February 12, 2021
As the last Holocaust survivors and eyewitnesses leave this world, a looming threat has begun to play out in Poland that threatens the freedom to research World War II and its enduring lessons for future generations.
A Polish judge has ordered two Holocaust historians to apologize for a lack of accuracy in using survivor and witness testimonies alleging that a former Polish mayor was complicit in the murder of several dozen Jews more than seven decades ago.
In a statement, American Jewish Committee (AJC) Central Europe Acting Director Dr. Sebastian Rejak, Polish Chief Rabbi Michael Joseph Schudrich, and the Union of Jewish Religious Communities in Poland denounced the ruling for setting a dangerous precedent and “replacing historical discourse with a judicial procedure initiated or supported by organizations funded with public money.”
“We are of the opinion that uncovering historical truth is a difficult and often painful process,” the statement said, “but it should be carried out in a way that is free from the threat of censorship, penal sanctions, or a civil lawsuit in lieu of charges brought by a prosecutor.”
The statement underscored that “historians must not be put in a situation in which they would fear their right to exercise the freedom of research may be compromised. Any threats of possible judicial reprisals have to be ruled out.”
“I understand that the court made it clear it wanted the ruling not to trigger the so-called ‘chilling effect’, that is, not to discourage other researchers from analyzing all aspects of the Holocaust and publishing research results,” Rejak said. “Well, we will live to see whether the verdict will have a negative effect on scholars, especially young ones, or not.”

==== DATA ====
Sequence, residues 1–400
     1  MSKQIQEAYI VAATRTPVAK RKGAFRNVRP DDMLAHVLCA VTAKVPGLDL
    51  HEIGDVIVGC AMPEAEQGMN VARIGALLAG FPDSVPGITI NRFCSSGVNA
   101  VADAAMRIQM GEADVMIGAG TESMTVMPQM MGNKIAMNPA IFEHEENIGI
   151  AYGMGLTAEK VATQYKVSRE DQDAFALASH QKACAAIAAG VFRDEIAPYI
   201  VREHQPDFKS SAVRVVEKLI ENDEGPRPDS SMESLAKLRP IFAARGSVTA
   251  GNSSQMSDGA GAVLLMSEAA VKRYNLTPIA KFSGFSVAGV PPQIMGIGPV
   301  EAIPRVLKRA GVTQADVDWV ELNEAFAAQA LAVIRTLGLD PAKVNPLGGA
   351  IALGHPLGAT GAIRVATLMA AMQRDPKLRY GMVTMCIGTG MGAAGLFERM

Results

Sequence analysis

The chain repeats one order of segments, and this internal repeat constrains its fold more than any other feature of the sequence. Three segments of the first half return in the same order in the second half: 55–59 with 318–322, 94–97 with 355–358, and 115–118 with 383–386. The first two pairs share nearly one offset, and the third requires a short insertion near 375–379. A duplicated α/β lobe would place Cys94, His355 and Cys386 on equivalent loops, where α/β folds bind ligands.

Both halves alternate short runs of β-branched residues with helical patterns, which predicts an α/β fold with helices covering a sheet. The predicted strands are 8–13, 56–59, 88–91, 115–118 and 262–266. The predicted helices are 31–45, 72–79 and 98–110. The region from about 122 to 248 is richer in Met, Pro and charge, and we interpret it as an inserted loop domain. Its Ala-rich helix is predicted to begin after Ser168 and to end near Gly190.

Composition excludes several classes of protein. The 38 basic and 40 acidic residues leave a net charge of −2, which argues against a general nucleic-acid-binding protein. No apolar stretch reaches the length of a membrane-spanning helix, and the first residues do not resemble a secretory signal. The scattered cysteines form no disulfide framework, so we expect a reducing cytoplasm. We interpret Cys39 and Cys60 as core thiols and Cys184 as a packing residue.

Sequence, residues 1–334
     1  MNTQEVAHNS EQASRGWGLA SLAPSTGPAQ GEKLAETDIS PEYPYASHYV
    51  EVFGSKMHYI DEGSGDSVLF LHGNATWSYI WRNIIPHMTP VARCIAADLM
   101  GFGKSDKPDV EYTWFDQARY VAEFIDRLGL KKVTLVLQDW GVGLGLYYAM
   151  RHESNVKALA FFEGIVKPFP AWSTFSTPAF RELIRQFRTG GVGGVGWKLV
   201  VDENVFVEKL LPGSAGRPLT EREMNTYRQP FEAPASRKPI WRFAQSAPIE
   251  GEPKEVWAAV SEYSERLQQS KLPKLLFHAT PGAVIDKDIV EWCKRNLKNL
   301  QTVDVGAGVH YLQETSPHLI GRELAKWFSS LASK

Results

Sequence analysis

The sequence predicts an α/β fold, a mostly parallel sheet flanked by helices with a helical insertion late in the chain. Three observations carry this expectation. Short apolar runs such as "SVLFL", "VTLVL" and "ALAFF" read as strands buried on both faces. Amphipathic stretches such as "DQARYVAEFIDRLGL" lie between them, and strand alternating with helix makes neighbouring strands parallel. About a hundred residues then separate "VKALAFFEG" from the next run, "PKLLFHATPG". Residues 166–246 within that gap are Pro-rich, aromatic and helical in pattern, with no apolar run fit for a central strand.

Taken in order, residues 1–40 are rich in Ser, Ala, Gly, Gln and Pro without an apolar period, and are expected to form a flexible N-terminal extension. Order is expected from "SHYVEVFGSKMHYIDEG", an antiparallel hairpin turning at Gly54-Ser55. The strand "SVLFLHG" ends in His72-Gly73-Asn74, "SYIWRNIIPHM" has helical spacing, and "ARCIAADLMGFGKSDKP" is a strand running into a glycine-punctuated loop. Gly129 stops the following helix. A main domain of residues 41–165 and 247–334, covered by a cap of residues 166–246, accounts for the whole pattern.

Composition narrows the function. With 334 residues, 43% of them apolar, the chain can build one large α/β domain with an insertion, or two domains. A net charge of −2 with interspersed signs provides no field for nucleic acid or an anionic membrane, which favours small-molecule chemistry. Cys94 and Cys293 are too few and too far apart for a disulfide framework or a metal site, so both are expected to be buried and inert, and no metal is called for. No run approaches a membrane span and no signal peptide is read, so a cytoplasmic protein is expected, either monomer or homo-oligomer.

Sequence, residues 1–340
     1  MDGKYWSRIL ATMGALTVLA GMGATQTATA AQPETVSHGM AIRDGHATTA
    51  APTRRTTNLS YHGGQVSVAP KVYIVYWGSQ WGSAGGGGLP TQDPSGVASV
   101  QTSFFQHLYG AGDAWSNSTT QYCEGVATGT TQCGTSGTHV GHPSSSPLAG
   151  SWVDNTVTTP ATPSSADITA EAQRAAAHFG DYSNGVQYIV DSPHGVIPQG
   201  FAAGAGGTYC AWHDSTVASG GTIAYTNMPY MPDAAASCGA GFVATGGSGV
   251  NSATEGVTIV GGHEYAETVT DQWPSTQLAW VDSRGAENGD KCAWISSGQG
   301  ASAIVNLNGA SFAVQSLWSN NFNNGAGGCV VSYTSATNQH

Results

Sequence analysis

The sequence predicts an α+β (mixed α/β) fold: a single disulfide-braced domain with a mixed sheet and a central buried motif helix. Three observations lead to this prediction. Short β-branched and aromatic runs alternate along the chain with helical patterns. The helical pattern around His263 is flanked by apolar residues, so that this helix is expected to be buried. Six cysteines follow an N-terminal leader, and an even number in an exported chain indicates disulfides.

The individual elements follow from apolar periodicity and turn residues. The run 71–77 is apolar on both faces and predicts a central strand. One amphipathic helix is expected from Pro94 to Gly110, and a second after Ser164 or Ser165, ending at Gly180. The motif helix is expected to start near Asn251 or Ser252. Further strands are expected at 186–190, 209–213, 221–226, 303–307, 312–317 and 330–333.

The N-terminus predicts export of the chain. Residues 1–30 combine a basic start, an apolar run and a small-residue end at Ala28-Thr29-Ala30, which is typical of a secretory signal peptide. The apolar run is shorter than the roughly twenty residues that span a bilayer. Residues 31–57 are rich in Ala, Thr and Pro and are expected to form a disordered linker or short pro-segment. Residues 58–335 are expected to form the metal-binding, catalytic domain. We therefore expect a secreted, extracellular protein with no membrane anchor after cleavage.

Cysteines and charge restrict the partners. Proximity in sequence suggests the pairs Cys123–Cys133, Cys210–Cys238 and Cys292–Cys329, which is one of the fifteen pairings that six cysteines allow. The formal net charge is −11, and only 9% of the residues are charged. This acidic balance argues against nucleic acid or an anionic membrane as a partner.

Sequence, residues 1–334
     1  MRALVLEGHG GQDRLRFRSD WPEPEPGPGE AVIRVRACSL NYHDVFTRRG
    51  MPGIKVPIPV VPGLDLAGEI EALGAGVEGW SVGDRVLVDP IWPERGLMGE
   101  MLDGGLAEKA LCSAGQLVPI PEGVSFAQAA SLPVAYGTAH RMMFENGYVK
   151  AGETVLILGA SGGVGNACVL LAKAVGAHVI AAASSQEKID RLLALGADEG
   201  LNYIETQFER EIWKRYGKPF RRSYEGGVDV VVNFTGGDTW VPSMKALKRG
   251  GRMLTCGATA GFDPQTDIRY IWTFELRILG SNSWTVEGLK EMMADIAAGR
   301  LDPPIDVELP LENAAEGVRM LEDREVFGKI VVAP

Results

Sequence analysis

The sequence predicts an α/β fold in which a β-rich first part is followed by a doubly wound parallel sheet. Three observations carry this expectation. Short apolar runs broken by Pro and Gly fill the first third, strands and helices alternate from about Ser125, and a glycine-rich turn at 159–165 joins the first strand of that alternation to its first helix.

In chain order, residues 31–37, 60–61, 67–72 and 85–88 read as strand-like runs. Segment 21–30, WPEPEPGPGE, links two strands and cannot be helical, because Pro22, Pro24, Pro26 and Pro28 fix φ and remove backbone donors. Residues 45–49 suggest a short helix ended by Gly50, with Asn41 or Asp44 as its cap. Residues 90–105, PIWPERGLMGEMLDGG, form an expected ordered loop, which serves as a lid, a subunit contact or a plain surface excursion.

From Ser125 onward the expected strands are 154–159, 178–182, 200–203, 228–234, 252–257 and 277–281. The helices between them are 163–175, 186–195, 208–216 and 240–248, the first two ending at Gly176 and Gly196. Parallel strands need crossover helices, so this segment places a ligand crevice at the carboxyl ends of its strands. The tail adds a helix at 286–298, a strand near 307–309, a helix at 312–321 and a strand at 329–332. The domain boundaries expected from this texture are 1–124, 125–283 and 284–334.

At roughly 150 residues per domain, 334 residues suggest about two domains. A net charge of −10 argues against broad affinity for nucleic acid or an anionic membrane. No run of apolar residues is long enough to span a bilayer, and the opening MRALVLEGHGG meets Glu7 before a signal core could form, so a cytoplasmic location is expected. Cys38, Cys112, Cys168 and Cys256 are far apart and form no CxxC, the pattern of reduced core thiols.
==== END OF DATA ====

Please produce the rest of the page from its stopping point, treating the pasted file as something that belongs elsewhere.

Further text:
Oświadczenie Związku Gmin Wyznaniowych Żydowskich, Naczelnego Rabina M. Schudricha i naszego p.o. dyr. @SebastianRejak ws. wyroku w postępowaniu przeciwko B. Engelking i J. Grabowski.— AJC Central Europe (@AJC_CE) February 10, 2021
"Historycy nie mogą obawiać się ew. represji na drodze sądowej". pic.twitter.com/dQlDGt0KQD
The Issue At Hand
The account of the former mayor’s role was one paragraph in two volumes of “Night Without End,” a 1,700-page report by scholars Barbara Engelking and Jan Grabowski that examines the role Polish individuals played in the murder of Jews while under German Nazi occupation between 1939 and 1945. During that time, around three million Jews were murdered on Polish soil, most of them in death camps such as Auschwitz or Belzec, in forced labor camps, in ghettos, or in mass shootings by the SS’s so-called mobile killing units. But thousands died at the hands of their neighbors.
The libel case comes at a challenging time for the Jewish community in Poland, where state-sanctioned antisemitism has emerged in the form of historical revisionism. Poland and the Baltic states have recoiled at suggestions that citizens participated in perpetrating the Holocaust, preferring to commemorate their countries’ victories over Soviet and Nazi totalitarian regimes and to underscore that they were World War II victims as well.